Stories are remembered as a one-hit wonder for their biggest hit, "Brother Louie."  While that #1 hit about an interracial relationship would be their only song to reach the Top 40, they had three other singles chart of the Hot 100. The group's first hit "I'm Coming Home" would be the highest-charting of those. While the group was new, former Left Banke member Michael Browne was the keyboard player.

For a band that was admittedly influenced by The Fab Four, "I'm Coming Home" was quite Beatlesque. While Ian Lloyd sang it, he sounds like he's trying to channel Paul McCartney -- "I'm Down" at a lower amplitude -- the piano solo sounds like it was a "Rocky Raccoon" outtake and the song's final note was a discordant one, like "A Day in the Life" but not as sustained. Surprisingly, the song doesn't come off as a blatant Beatles rip-off despite all those elements.

Wings - "Mary Had A Little Lamb" b/w "Little Woman Love" (Not Available on MP3)

(Debuted #85, Peaked #28, 7 Weeks on chart)

Speaking of Paul McCartney...

Not content with being popular among the fans who'd grown up listening to his music, Paul McCartney attempted to get in the good graces of the preschool  set as well. Legend has it that Macca recorded a children's song as a result of the BBC banning his previous single "Give Ireland Back to the Irish" due to its partisan content. However, McCartney has claimed in interviews that "Mary Had a Little Lamb" was already on tape before that ban was handed down, but the rumor persists.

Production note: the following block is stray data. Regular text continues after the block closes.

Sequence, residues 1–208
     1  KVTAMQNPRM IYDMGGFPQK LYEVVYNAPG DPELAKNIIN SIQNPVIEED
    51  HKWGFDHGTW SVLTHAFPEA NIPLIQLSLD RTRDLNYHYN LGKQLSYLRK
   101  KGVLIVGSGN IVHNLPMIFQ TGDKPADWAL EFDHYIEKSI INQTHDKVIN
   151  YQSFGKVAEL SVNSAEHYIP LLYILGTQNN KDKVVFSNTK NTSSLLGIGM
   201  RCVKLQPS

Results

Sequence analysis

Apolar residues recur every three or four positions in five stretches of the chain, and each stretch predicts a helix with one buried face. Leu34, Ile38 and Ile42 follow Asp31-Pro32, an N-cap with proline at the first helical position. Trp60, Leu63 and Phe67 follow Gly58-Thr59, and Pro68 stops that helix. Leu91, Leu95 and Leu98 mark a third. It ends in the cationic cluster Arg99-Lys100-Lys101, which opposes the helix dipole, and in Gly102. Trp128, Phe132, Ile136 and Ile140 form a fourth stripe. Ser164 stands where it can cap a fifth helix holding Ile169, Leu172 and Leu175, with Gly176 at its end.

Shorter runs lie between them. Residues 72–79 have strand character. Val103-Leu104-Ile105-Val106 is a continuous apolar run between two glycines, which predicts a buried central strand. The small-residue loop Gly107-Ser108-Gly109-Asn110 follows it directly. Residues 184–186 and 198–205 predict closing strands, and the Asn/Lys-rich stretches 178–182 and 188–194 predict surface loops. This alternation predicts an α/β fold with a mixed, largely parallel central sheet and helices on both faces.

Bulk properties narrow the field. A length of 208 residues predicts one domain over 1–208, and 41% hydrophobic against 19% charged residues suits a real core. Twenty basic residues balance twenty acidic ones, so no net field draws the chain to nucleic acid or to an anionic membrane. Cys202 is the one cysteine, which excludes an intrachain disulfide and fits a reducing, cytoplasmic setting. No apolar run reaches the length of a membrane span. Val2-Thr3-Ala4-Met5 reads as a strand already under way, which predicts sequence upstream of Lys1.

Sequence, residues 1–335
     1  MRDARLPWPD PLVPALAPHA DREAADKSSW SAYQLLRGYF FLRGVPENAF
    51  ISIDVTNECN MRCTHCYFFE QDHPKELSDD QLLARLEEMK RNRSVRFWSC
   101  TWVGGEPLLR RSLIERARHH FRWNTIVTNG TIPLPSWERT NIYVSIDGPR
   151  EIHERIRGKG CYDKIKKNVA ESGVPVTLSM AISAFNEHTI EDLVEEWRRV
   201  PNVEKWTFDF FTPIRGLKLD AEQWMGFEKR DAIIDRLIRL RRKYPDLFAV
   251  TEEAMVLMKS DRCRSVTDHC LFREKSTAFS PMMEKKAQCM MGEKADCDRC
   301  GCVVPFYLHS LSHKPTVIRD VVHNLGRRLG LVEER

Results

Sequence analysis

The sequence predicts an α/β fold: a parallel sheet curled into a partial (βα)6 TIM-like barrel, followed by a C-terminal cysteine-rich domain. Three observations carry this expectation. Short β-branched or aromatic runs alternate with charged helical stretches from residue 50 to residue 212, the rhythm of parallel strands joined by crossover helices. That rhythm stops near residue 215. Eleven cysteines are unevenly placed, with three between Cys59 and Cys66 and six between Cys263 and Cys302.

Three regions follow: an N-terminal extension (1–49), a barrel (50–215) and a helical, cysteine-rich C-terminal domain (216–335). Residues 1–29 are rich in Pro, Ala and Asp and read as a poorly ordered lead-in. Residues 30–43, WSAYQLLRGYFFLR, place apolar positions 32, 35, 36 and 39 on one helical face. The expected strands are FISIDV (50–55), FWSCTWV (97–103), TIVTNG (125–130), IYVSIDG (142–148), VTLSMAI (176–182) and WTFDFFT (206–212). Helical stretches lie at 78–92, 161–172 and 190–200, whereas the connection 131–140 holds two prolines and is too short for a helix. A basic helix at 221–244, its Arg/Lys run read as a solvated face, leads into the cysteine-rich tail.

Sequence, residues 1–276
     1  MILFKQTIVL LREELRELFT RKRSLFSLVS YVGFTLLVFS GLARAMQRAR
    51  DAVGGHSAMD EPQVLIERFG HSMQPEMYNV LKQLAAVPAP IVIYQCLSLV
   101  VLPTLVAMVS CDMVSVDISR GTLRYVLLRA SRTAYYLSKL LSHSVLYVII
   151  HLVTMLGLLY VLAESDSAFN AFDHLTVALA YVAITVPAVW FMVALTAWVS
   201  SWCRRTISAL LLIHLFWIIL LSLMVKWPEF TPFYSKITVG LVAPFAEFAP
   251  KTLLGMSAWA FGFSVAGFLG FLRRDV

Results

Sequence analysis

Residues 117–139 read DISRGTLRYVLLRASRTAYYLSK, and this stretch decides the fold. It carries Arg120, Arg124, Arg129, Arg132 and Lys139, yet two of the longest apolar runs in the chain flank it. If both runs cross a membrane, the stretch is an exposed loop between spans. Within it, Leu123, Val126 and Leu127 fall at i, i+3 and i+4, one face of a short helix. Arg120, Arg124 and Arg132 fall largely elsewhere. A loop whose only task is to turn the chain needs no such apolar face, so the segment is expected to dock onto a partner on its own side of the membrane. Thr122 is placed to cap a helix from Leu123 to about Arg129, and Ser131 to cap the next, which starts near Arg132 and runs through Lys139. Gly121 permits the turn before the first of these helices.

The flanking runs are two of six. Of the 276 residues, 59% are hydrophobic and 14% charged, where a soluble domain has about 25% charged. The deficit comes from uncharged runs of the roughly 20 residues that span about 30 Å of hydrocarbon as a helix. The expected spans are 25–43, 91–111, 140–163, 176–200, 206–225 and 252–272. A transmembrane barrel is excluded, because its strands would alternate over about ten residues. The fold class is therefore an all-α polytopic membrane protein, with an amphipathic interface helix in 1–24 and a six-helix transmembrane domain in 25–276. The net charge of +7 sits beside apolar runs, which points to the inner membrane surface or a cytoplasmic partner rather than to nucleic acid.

While the "ban this, BBC!" theory sounds great, it could be that McCartney -- who had three kids at home -- came up with the idea while playing his role as father. In any case, it's a testament to the fact that many of his fans were buying anything with his name on it to see an electrified lullaby making the Top 40. The B-side "Little Woman Love" was helpful to radio programmers who weren't enthusiastic about playing a kiddie song to an audience that had outgrown it. As an uptempo piano boogie tune, "Little Woman Love" was passable enough for a pop tune even if it was a little disappointing by the one ex-Beatle known for his sense of melody.